Schnuck Markets announced earlier this week it’s opening its second EatWell store — the natural food store format the grocer developed in 2020 and debuted in Columbia, Missouri. The new EatWell store is expected to open in Chesterfield, Missouri, next spring. At 30,000 square feet, the upcoming store is smaller than the first, 42,000-square-foot one.
Schnucks is continuing its push into alternative formats. This summer, the grocer opened its first Schnucks Express as a small store attached to an Eatwell in Columbia. The “Express” store carries more traditional grocery items to complement Eatwell’s specialty assortment, the grocer noted.
Last summer, Schnucks debuted a new format focused on fresh foods, opening an 18,000-square-foot Schnucks Fresh in Jasper, Indiana. The Midwestern chain’s experimentation comes at a time when other supermarkets, such as Fareway and Meijer, are testing different store sizes and focal points.
Whole Foods continues adopting Amazon tech
Whole Foods Market is continuing its adoption of parent company Amazon’s technology. In the latest development, Whole Foods stores in the Dallas-Fort Worth area are adding Amazon’s palm-reading technology, called Amazon One, according to a local NBC site.
The technology is now available at the chain’s stores in Irving and Highland Village, with the hand-waving tool rolling out to all of the more than a dozen stores in the area in the coming weeks, Amazon told the outlet. Whole Foods first welcomed Amazon One at a Seattle store in 2020 — the same year Amazon launched the palm-reading tool, and has since added the capability to dozens of additional stores across the country.
Earlier this year, Amazon’s Just Walk Out cashierless technology made its debut within Whole Foods at a store in Washington, D.C. And an announcement earlier this summer noted the grocer will start using Amazon’s Dash Cart for the first time at a store in Westford, Connecticut, with an unspecified number of Whole Foods stores set to add the smart cart solution in the coming months.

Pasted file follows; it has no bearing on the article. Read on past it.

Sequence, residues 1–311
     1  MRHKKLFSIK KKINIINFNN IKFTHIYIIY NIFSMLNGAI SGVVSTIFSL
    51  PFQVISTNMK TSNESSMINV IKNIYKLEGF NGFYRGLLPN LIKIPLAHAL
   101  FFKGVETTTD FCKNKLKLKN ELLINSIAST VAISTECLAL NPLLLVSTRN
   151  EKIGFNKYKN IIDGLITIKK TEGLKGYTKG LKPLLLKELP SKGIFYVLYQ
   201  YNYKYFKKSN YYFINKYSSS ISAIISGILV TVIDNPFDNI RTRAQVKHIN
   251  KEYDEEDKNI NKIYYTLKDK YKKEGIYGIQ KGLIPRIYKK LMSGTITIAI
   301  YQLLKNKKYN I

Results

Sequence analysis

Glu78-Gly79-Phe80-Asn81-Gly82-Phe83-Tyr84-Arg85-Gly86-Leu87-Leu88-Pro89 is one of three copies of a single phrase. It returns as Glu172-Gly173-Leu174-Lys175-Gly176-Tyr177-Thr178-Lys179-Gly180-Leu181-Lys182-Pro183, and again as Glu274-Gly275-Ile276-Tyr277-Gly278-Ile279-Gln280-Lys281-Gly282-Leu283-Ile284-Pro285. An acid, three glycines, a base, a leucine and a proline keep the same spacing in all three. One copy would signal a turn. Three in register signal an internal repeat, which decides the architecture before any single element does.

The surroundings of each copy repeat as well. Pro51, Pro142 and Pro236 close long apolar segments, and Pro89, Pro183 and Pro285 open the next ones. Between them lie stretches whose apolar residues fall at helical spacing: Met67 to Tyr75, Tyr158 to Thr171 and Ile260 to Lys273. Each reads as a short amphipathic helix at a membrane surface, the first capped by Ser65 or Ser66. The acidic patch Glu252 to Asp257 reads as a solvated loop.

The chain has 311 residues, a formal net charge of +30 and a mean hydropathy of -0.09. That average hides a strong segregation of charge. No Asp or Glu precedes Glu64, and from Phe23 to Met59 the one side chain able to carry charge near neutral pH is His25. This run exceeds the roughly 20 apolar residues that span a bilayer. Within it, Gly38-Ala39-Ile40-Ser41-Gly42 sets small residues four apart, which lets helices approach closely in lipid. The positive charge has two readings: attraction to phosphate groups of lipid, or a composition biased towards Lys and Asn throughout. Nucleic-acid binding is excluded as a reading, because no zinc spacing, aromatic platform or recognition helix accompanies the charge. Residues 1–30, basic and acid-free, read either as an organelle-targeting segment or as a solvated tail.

It appears the expansion of Amazon’s technology in Whole Foods isn’t slowing down under the grocer’s new CEO, Jason Buechel, who took over the top role in September, filling the position vacated by John Mackey’s retirement. Some industry analysts have said they expect Buechel to embrace Amazon synching up its digital innovations with the specialty grocer.
Number of the week: 15.4%
This is the growth percentage of Grocery Outlet’s comparable-store sales over the past year, per the company’s Q3 earnings announcement on Wednesday. This marks the grocer catching up to the 16.7% comp sales growth it recorded for its Q2 ending in June 2020 — a time when the pandemic had prompted changes to shopping behaviors, such as fueling stockpiling.
Inflation has been helping to boost comp-store sales for discount grocers as consumers hunt for more affordable prices.
Walmart Q3 earnings
Walmart is set to release its Q3 earnings results next Tuesday. Last quarter, the wholesaler saw U.S. comp sales increase by 6.5% with grocery sales, in particular, reaching into the high-teens on a two-year stack. Larger retailers like Walmart continue to struggle more than discount grocers with supply chain shortages and inflation. And while many shoppers have been drawn to Walmart during such high inflation because of its discount prices, the decision by many people to pull back on food spending overall has hit the retailer in negative ways as well.